A scene from the Leben der heiligen Altväter (1482)
William Burt Pope (1822-1903): Primary and Secondary Creation
Science and the Doctrine of Creation: The Approaches of Ten Modern Theologians, ed. Geoffrey H. Fulkerson and Joel Thomas Chopp (IVP Academic, 2021), 13-34.
I wrote the chapter on William Burt Pope in this collection of essays on modern theologians and how they handled the doctrine of creation in light of science. It was great to be included among a great group of writers, and it was great to have the often-neglected William Burt Pope included. The book was edited by two leaders from the Carl Henry Center for Theological Understanding at Trinity International University. I was a residential fellow at the center’s Creation Project, and got to present this paper in person at a conference there along with several of the other authors.
About the book: “Science and the Doctrine of Creation examines how influential modern theologians—from the turn of the nineteenth century through the present—have engaged the scientific developments of their times in light of the doctrine of creation. In each chapter a leading Christian thinker introduces readers to the unique contributions of a key theologian in responding to the assumptions, claims, and methods of science.”
Here is a brief excerpt from my chapter, proposing its main idea:
One of the characteristic features of Pope’s doctrine of creation is a programmatic distinction he offers between the divine act of primary creation (God calling all things into existence) and the divine work of secondary creation (the formation of an ordered universe). The former is the realm of metaphysical inquiry and apologetic argumentation; Scripture chooses to say little about it, and science can say nothing in principle. The latter, secondary creation, is the domain of both the biblical account and of scientific investigation, and it also stretches forward into the doctrine of providence. The distinction between primary and secondary creation had been broadly shared among the theologians of Protestant orthodoxy in the centuries before Pope and has roots in medieval and patristic thought. Characteristically, Pope was not attempting originality in his use of the distinction, but he did carry it through his entire account of creation with special consistency.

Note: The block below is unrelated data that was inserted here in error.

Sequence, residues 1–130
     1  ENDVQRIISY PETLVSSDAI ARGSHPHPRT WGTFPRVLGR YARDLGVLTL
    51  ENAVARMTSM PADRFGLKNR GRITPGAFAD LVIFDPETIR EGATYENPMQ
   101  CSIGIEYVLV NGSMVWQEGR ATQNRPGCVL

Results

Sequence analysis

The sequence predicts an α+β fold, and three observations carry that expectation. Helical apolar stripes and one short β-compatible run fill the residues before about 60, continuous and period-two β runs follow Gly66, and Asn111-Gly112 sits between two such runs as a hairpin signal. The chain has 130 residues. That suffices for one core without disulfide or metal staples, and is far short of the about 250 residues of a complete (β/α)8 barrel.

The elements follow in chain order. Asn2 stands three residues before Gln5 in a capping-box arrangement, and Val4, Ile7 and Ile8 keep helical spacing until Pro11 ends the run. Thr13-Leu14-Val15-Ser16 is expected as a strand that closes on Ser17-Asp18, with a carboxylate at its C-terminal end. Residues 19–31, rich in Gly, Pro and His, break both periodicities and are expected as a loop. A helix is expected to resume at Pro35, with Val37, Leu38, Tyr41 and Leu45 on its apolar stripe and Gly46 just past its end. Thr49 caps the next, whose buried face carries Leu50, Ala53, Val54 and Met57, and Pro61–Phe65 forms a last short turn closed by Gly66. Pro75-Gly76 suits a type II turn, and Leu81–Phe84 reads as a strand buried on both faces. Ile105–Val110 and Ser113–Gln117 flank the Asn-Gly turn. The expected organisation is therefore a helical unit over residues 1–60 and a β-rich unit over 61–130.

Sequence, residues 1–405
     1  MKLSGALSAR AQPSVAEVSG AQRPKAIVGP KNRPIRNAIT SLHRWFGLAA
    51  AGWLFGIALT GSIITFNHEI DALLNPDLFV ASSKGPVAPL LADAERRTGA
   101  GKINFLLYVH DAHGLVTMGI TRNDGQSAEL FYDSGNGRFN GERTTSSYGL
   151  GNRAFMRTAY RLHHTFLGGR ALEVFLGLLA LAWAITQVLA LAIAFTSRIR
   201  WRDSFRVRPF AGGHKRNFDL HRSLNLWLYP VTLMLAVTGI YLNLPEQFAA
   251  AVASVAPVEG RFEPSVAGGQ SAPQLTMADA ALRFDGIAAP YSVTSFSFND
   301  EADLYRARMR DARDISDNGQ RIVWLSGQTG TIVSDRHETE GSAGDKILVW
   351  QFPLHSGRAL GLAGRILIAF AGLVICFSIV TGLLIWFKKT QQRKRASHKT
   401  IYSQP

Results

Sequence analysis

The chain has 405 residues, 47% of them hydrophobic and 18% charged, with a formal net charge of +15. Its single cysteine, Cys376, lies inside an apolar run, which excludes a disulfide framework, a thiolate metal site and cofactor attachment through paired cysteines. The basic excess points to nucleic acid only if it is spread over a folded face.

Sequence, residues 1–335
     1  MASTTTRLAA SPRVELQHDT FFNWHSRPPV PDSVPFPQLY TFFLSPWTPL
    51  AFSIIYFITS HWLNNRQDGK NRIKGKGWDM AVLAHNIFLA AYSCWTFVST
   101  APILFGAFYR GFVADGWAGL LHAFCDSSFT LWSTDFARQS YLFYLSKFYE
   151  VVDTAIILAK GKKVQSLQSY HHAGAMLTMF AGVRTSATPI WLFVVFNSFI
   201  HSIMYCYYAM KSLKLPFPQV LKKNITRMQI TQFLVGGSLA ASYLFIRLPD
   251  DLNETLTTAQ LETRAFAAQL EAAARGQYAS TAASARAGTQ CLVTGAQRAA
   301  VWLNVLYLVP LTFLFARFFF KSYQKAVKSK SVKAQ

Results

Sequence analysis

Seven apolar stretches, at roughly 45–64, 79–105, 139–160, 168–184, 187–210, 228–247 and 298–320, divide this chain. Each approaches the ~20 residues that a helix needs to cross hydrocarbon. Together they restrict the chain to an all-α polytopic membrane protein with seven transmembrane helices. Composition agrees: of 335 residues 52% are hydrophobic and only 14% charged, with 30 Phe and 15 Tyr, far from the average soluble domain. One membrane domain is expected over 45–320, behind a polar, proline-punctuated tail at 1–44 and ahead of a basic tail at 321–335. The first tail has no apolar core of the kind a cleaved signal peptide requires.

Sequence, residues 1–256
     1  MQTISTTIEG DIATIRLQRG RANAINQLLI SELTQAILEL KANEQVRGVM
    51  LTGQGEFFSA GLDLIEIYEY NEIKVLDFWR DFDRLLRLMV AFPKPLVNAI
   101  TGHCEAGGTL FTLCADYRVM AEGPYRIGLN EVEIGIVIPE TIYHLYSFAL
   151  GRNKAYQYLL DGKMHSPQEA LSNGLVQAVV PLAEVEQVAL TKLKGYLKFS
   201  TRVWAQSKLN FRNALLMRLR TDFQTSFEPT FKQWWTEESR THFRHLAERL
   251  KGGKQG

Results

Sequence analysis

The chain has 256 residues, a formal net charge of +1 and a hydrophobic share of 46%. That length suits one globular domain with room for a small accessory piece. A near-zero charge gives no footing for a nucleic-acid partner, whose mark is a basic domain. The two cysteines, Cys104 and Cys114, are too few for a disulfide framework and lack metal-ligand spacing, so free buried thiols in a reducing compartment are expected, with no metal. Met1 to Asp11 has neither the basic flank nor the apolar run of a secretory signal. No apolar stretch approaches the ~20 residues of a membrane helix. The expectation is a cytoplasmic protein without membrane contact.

Early in his discussion, Pope says of the doctrine of creation that “the revelations of Scripture on this subject may be distributed under the two heads of the Creator in regard to the act of creation and the several orders of the creatures as the result of His creating act.” What Pope emphasizes even here is the singleness of God’s one creative act, on the one hand, and the multiplicity of ordered, layered, sequenced creatures that result, on the other. That is, he contrasts the unity of the creative act with the multiplicity of created entities. Both are true and posited by Scripture. But they demand distinct treatment, and it is this distinct treatment that orders Pope’s account of creation.